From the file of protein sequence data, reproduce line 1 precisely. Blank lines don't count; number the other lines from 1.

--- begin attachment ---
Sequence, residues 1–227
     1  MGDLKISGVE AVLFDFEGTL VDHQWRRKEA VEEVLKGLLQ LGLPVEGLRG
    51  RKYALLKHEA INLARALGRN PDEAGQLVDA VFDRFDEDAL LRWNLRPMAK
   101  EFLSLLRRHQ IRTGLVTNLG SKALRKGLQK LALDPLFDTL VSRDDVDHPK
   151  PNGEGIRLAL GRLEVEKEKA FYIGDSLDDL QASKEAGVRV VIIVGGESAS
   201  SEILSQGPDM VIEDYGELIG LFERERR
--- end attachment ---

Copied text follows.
Sequence, residues 1–227